Researchers are continually trying to figure out better ways to determine if a person has cancer, and as early as possible when it’s most curable. The goal is for an effective test that’s easier on the patient with quicker results for the doctor. The latest breakthrough in technology is a liquid biopsy. A biopsy is a sample of cells or tissue extracted from any part of the body and sent to a lab for cancer testing. Liquid biopsy blood testing enables oncologists to quickly detect and track cancer biomarkers.

Transitioning from Traditional to More Advanced Detection Methods

Circulating tumor DNAs (ctDNA) are fragments of DNA that break away from tumors and travel through the body via blood circulation. A test sample procured from tumor DNA, by inserting a needle into the tumor, doesn’t show all of the genetic changes in  particular cancers, or the rest of the places in the body that cancer may be. However, all of the DNA fragments are pooled together in the ctDNA which can reveal other mutations that may exist in the body. A liquid biopsy performed together with a traditional biopsy of the solid tumor produces valuable and informative results. The sequencing of ctDNA provides added confidence to final diagnostic testing results. Being that ctDNA tests are quantitative, they are used to track mutation loads.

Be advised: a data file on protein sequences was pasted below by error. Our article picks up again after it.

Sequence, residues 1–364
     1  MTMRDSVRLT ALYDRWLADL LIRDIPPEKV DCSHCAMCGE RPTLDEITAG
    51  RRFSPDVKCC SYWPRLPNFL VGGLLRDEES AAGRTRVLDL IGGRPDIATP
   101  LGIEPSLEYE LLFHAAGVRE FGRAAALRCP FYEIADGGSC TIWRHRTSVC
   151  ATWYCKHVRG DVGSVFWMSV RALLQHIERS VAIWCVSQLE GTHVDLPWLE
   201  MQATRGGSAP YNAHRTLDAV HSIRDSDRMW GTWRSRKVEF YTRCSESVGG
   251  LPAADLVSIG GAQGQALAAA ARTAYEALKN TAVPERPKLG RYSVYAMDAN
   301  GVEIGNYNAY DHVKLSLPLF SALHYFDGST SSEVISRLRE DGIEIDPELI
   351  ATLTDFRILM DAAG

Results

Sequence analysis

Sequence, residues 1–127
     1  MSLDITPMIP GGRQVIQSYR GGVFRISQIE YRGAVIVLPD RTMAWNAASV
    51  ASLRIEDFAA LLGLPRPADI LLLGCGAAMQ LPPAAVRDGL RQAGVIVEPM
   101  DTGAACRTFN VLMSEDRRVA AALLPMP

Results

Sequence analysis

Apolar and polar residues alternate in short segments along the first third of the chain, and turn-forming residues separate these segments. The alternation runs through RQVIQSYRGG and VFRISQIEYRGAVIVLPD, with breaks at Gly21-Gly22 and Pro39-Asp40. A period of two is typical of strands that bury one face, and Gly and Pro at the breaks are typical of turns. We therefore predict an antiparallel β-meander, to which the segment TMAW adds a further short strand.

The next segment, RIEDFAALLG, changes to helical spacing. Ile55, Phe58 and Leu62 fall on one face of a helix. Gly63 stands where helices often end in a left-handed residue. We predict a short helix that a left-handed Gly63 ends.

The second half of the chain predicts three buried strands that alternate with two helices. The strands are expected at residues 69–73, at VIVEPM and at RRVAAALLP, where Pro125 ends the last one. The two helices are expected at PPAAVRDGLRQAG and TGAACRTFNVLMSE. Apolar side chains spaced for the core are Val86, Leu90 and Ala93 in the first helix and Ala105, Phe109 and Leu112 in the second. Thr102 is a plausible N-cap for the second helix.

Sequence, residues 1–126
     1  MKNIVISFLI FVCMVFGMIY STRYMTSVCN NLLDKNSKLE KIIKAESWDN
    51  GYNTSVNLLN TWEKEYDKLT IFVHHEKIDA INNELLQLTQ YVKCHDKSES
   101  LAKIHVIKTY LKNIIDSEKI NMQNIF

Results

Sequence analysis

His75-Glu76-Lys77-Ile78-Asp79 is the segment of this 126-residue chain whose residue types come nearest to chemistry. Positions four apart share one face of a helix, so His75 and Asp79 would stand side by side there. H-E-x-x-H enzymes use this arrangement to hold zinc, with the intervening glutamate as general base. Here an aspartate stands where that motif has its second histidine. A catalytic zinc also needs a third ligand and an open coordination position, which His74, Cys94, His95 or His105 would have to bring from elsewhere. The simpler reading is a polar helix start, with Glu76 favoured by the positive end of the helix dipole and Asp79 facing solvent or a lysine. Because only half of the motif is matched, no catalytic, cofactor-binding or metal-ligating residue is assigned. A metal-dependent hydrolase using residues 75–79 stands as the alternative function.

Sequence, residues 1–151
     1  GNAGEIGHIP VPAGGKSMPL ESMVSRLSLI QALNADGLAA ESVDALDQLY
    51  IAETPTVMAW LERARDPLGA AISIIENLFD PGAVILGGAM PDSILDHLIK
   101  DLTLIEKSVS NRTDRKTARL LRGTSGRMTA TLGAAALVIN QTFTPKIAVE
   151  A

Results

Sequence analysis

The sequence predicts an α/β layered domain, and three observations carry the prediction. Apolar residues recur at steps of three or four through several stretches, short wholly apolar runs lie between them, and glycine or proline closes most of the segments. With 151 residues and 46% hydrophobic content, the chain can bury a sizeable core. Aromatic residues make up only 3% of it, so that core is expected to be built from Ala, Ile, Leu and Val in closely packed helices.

Circulating tumor cells (CTCs) are cells that have shed into the lymphatics or vasculature from a tumor and made their way into the bloodstream. CTCs are often responsible for the growth of additional tumors, or metastases, in other organs. Like evaluations garnered from tissue biopsies, CTCs obtained through liquid biopsies can be used to test changes in protein expression, characterize tumor cells at the molecular level, and analyze material for protein and DNA targets.

The Future of Liquid Biopsies

Liquid biopsies have become valuable tools for cancer screenings in patients with particular types of cancer. Yet, there is still a myriad of issues to resolve in refining the process and applying it to every type of cancer known in the body. 

The more complex application of using liquid biopsies is in trying to detect whether any cancer cells exist in people who have not been diagnosed with cancer. An effective liquid biopsy of the future will find cancer in someone with no symptoms and locate that cancer in the body. It will also inform whether or not the cancer requires treatment and how to best design the treatment.

At Joliet Oncology-Hematology Associates, Ltd. (JOHA), we strive to provide the most comprehensive treatment available. That’s why our team of experts will help guide you through your treatment. To learn more about the services that JOHA can provide, browse our website for information, contact us via email, visit our Facebook page, or call our office to learn more (815) 320-3896.